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Posted on June 7, 2002 (5761) By Rabbi Yisroel Ciner | Series: | Level:

This forthcoming Sunday night we begin the holiday of Shavuos. Hashem’s descent onto Har {Mount} Sinai and His speaking to the entire nation would probably be considered the most earth-shattering event that has occurred since creation.

Man has a thirst for spirituality–a vacuum that longs to be filled. The clear feeling that there is more to life than our physical, earthly existence. We know that there is something more but there is confusion… How does one connect to it…

Without clear bearings we go off on some pretty desperate forays. The cults with their gurus and swamis prey on this desperate, confused emptiness that gnaws away at a person’s complacency. Sweet, innocent people get led off on pretty confused paths…

We adherents of Torah have no such confusion… One time in the history of man the heavens opened up. The intimate connection between the physical and the spiritual–the way to touch the heavens while treading on earth–was revealed. The manual providing the instructions for that connection was transmitted.

Each year, on Shavuos, we try to re-live and re-experience that event, its feelings and what it imparted to us. But we feel somewhat detached. Although the souls of every Jew and every future convert were there at Sinai, we have no conscious memory of that awe-inspiring event. We feel that if only we had been there, we would be much stronger, more focused and better able to serve Hashem. We feel that those generations were connected to Hashem, whereas our service is probably not nearly as dear…

However, we find that it can be viewed very differently. Shlomo HaMelech {King Solomon} taught in Mishlei: “Sheker ha’chein {Charm is false} v’hevel ha’yofee {and beauty is vain}, ishah yir’as Hashem hee tis’hallal {a woman who fears Hashem, she should be praised}. [Proverbs 31:29]”

The Talmud reveals the deeper level on which this passuk {verse} can be understood. “Charm is false” refers to the generation of Moshe; “and beauty is vain” refers to the generation of Yehoshua {Joshua}; “a woman who fears Hashem, she should be praised” refers to the generation of King Chizkiyahu. [Sanhedrin 20A]

Incredible! The extraordinary generations of Moshe and Yehoshua were, in a certain way, false and vain. The later generations, those far removed from Sinai earned the praise of being compared to “a woman who fears Hashem.”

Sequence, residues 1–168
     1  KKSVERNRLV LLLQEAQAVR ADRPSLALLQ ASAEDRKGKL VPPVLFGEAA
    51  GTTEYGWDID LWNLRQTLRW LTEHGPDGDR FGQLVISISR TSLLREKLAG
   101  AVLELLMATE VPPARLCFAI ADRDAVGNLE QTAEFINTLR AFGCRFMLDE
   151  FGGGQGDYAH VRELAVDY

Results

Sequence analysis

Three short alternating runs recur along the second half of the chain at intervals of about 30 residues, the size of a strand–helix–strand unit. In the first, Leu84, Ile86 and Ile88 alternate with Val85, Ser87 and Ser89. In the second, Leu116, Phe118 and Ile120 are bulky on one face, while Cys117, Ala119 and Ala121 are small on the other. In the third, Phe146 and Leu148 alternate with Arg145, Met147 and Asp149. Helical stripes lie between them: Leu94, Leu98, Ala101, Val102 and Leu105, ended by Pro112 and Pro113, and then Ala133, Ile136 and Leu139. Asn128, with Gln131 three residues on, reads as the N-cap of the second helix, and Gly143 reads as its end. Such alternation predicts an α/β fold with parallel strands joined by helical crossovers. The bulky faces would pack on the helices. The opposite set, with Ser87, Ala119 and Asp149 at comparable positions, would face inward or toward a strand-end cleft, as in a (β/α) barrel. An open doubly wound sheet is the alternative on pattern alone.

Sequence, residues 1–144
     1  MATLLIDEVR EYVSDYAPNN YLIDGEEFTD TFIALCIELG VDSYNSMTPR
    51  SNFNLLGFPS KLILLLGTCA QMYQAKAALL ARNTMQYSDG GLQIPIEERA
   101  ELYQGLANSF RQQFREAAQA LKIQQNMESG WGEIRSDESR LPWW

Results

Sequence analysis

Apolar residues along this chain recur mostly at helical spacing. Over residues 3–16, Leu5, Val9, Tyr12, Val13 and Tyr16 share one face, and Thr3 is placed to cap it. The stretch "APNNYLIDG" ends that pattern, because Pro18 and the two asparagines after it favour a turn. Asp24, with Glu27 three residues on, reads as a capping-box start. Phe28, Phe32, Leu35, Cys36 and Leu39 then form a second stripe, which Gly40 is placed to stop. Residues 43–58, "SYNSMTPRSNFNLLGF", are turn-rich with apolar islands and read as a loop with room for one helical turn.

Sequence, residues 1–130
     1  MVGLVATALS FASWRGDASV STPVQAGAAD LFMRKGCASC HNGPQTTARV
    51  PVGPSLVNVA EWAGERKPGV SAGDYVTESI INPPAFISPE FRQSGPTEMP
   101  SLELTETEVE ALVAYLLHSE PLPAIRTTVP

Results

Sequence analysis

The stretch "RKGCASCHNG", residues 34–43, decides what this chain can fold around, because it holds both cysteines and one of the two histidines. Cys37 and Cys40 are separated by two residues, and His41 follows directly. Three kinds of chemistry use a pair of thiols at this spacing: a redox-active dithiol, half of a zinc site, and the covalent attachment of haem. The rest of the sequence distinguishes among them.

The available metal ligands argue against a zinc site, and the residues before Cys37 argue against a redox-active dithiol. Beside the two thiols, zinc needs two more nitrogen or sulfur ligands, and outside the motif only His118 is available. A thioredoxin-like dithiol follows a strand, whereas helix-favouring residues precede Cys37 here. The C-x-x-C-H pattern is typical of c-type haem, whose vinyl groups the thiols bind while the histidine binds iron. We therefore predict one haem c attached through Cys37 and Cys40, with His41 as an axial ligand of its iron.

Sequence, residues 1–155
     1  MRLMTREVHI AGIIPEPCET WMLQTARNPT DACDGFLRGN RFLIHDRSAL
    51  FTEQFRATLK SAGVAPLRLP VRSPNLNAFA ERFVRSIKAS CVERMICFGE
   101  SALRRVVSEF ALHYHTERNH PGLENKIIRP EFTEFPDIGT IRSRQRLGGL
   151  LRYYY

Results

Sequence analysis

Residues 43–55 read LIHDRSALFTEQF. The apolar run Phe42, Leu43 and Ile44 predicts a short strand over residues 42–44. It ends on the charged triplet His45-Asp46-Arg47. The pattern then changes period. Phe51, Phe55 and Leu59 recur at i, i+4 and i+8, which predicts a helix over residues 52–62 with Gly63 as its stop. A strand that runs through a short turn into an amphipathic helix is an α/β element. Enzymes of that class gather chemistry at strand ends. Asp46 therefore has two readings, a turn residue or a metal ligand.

How can we understand this?

The Ben Ish Chai offers a brilliant and illuminating explanation. People in every generation are lured with temptations to throw themselves after the physical. They know what’s right but find it difficult to constantly maintain those standards. The pleasures of this world can be so tempting. The mission of man is to see through that illusory smoke screen and recognize the true bankruptcy of the temptations and pleasures that beckon. But, as we’d readily agree, it can be an extremely difficult task.

“Sheker ha’chein {Charm is false}” refers to the generation of Moshe.

‘Chein’ {charm or grace} indicates that there is not an inherent beauty. It is the way that it’s represented that creates a certain allure. The generation of Moshe had stood at the foot of Sinai and had experienced Hashem’s revelation. They had seen the real thing. After experiencing the intimate, deep pleasure of connecting to Hashem, the temptations of the world were not beautiful. It was at best ‘chein’ and they were able to see how even that chein was sheker {false}. After all that they had experienced, they couldn’t be crowned with the accolade of true fear of Hashem.

“V’hevel ha’yofee {and beauty is vain}” refers to the generation of Yehoshua {Joshua}.

The next generation, as it began the inexorable march through history and away from Sinai, began the move away from that clarity. It still had carry-over members from the generation of Moshe but it was living in a different world.

The temptations, which had been seen as ‘chein’ {charm}, had now transformed into ‘yo’fee’ {beauty}. It seemed to be quite beautiful. Yet, they were still close enough to Sinai to clearly recognize that that apparent ‘yo’fee’ was actually vain, empty. They too didn’t earn the praise of being compared to “a woman who fears Hashem.”

“Ishah yir’as Hashem hee tis’hallal {a woman who fears Hashem, she should be praised}” refers to the generation of King Chizkiyahu.

The generation of King Chizkiyahu was far down the road that stretched from Sinai. They hadn’t experienced it themselves nor did they know anyone who had. The clarity was long gone and as such, the temptations were great. Yet, their devotion to the study of Torah was incredible. In that generation, young boys and girls were all proficient even in the intricate laws of tum’ah and taharah {ritual purity}.

That generation, not those that preceded it, was praised by the comparison to “a woman who fears Hashem.”

We’ve traveled that much further down the road. The temptations and our confusion are that much greater. Shavuos is the time for us to connect to Sinai and connect to the Torah.

We have the capacity to earn praises that were beyond the reach of the generations of Moshe and Yehoshua.

Wishing you a good Shabbos and a joyous and meaningful holiday of Shavuos,

Yisroel Ciner

Copyright © 2000 by Rabbi Yisroel Ciner and Project Genesis, Inc.
The author teaches at Neveh Tzion in Telzstone (near Yerushalayim).
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